• Vials of the Pfizer-BioNTech coronavirus disease (COVID-19) vaccine (EPA)Source: EPA
One of Australia's leading COVID-19 experts says there are a number of challenges standing in the way of regional and remote communities getting vaccinated - refrigeration, transportation and vaccine hesitation.
By
Rae Johnston

Source:
NITV NEWS
22 Dec 2020 - 11:29 AM  UPDATED 22 Dec 2020 - 11:29 AM

Several COVID-19 vaccines are currently either in development or already rolling out across the world. When and how they will reach rural and remote communities is a question that needs to be answered. 

Australia has secured 10 million doses of the 90+ percent effective Pfizer/BioNTech vaccine - enough for five million people.

The University of Queensland's Associate Professor Paul Griffin told NITV News while this vaccine is "really impressive", it comes with a significant downside. Storage and transportation at temperatures of minus 70 degrees celsius are needed for the vaccine to be effective.

"If they're not kept at really cold temperatures, they can essentially degrade and, and not work so well," said Associate Professor Griffin. "Obviously, this is going to pose some logistical challenges to rolling it out, particularly to more remote areas."

Associate Professor Griffin has been the principal investigator on more than 120 clinical trials, predominantly in vaccines. He believes the Pfizer/BioNTech vaccine could begin rollout in Australia as early as March. However, the solution for remote communities may lie in other vaccines that are not far behind.

The options

Expected only weeks after the Pfizer/BioNTech vaccine is the Oxford-AstraZeneca vaccine. It will still need colder temperatures for long term storage and transport. But standard refrigeration - as we use for most vaccines - is "adequate", according to Associate Professor Griffin.

In early 2021, Australia will have 53.8 million doses of the Oxford-AstraZeneca vaccine - enough for 29 million people. 50 million doses will be manufactured in Australia.

The Novavax vaccine, on target for release in April, will have 51 million doses available in Australia during 2021, enough for 25.5 million people. It only needs "normal vaccine conditions", is "quite stable" and "fairly cheap as well", according to Associate Professor Griffin.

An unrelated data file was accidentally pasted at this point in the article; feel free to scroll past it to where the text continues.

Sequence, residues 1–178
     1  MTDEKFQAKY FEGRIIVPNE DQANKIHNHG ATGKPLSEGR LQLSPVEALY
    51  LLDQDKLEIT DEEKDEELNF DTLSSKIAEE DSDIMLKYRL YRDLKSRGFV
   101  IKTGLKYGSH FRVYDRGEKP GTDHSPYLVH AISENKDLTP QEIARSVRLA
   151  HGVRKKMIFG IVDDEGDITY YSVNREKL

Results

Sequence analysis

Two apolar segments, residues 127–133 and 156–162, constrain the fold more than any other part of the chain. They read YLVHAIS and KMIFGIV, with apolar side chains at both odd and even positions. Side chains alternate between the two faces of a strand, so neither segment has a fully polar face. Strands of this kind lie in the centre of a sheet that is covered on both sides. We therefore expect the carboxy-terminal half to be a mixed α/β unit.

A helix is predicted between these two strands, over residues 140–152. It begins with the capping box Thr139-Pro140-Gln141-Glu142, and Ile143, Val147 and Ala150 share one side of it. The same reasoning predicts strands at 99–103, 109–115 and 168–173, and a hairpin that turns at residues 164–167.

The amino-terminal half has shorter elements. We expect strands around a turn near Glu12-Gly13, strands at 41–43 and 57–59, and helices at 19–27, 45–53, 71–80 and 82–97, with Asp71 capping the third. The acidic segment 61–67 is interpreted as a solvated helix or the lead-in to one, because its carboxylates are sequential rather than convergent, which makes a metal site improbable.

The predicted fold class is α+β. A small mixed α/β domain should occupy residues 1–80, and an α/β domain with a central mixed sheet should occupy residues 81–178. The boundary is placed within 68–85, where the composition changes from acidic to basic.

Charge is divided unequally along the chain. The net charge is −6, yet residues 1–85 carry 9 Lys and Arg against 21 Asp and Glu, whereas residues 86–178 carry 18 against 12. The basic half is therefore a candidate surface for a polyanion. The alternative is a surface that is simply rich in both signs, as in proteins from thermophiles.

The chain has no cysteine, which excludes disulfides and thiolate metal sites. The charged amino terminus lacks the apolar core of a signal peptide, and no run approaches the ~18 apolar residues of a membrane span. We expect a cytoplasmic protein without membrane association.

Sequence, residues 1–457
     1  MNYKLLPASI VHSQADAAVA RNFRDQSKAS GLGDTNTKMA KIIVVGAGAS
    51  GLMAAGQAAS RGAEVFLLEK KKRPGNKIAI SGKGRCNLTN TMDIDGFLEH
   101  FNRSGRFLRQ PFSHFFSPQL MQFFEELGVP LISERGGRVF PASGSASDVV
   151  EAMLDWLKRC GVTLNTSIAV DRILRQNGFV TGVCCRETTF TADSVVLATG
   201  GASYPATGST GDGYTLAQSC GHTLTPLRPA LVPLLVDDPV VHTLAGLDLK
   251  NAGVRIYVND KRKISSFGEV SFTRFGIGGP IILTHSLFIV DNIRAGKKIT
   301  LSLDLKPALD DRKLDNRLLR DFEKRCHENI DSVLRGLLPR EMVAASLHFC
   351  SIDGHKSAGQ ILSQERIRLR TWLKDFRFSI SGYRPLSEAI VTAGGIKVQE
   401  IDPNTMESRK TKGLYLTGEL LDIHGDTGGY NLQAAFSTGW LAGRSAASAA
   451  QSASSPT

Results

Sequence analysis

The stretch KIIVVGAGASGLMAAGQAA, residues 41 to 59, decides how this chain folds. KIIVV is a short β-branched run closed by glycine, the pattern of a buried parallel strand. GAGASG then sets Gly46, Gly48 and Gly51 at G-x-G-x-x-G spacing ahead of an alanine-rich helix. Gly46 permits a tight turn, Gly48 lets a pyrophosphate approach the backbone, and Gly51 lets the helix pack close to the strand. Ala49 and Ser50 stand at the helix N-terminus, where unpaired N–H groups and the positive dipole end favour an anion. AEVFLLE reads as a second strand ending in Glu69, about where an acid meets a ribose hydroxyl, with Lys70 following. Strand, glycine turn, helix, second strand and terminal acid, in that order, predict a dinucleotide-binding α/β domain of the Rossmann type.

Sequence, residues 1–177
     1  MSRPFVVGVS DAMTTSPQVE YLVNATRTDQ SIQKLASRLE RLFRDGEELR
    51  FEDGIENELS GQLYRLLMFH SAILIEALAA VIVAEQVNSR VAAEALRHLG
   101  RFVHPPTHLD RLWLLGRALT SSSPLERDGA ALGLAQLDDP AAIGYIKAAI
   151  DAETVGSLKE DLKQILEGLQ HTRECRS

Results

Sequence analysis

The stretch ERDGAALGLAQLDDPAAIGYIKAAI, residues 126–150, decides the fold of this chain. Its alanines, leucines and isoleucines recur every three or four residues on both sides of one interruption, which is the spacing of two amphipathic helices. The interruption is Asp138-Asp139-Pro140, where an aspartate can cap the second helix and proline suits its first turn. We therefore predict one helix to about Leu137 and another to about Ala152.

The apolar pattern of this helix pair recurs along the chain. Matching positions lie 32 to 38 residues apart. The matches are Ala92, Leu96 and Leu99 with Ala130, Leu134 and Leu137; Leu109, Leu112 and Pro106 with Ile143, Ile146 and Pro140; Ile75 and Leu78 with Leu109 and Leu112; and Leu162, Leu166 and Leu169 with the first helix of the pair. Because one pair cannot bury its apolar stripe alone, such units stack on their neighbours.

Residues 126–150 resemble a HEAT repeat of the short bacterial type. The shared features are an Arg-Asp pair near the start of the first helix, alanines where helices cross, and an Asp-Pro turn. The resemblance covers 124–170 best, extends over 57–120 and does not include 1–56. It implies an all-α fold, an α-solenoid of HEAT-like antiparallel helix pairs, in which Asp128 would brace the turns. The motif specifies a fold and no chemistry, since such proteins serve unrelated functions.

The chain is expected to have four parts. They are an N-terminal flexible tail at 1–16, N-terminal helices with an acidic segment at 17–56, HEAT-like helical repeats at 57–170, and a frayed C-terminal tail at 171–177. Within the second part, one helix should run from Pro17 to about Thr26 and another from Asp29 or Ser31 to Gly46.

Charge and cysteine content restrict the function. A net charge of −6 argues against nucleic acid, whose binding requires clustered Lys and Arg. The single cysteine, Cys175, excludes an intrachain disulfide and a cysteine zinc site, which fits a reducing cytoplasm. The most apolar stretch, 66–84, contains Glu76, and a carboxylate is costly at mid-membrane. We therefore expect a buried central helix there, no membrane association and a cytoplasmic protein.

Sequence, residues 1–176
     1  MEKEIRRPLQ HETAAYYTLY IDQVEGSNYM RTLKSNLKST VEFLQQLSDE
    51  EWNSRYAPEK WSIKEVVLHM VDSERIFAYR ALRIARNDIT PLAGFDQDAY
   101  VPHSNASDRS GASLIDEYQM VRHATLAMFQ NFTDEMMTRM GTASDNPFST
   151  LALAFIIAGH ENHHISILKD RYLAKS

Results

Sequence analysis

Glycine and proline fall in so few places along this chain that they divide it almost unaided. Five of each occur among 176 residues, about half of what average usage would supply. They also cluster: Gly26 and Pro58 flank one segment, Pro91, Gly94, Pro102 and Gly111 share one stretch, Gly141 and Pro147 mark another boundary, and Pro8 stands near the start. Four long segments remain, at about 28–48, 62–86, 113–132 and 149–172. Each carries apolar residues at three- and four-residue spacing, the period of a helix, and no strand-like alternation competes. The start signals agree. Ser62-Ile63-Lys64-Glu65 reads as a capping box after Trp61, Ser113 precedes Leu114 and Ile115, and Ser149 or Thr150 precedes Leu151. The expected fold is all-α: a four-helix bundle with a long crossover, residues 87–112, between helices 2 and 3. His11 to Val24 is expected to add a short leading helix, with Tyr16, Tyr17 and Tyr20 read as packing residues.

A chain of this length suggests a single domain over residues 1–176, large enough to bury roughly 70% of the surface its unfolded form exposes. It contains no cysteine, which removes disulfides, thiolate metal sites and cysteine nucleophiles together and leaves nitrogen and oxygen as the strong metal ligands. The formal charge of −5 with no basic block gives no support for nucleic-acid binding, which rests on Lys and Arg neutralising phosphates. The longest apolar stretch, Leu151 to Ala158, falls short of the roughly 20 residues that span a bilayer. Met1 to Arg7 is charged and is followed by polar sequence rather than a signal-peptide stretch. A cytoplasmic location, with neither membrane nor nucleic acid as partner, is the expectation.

Aboriginal and Torres Strait Islander people have been identified as vulnerable during the COVID-19 pandemic. When the first vaccines become available, there is a chance our communities will be prioritised. However, Associate Professor Griffin said it might be better to wait.

Maintaining the extreme cold needed to keep the Pfizer/BioNTech vaccine safe while travelling to remote areas would be "really problematic,

"I think it's sort of an insurmountable challenge. I think if the Pfizer vaccine was the only one coming online, we could certainly do it. But I think we're getting the most stable vaccines coming through probably only a small number of weeks behind."

"We don't want to significantly delay access to the vaccine. But if we are getting those more stable [vaccines], that we can get out to those communities, obviously those challenges are going to be greatly reduced."

Vaccine hesitation

Despite being almost twice as likely to die from COVID-19, a recent study showed only 25 per cent of African-Americans are planning to be vaccinated. Concerns about safety, and an element of mistrust, were among the top reasons.

Associate Professor Griffin said Australia performs "exceptionally well" in terms of vaccine uptake. Still, there is a real need to address suspicions that may be present in the community.

"Vaccine hesitancy, unfortunately, is something that's growing and gaining momentum at the moment. I think mostly due to misinformation that's being shared about these vaccines."

One of the main concerns is how quickly the vaccine has been developed.

"A lot of people are a little bit concerned by the timing. But we have to remember, a lot of these vaccines are built on 10 or 20 years of vaccine research.

"I can reassure everybody that these vaccines have been tested as much as ever if not more, in fact, given the level of scrutiny that they're under. We've just managed to do it in the short timeline due to some amazing science and lots of generous funding. It has enabled us to omit a lot of redundant activities that we normally have to endure in these sort of trials."

Associate Professor Griffin said vaccine hesitancy can be challenging to address. Still, the correct information reaching people in a way that's appropriate for them - specifically addressing their concerns - is necessary to get as many people as possible vaccinated.

"If people refuse to get it, then we're going to be left in a situation just like we're seeing now for the foreseeable future. We're going to need everybody on board."

"The key thing to remember is that this vaccine isn't just about protecting you -  who you might infect."

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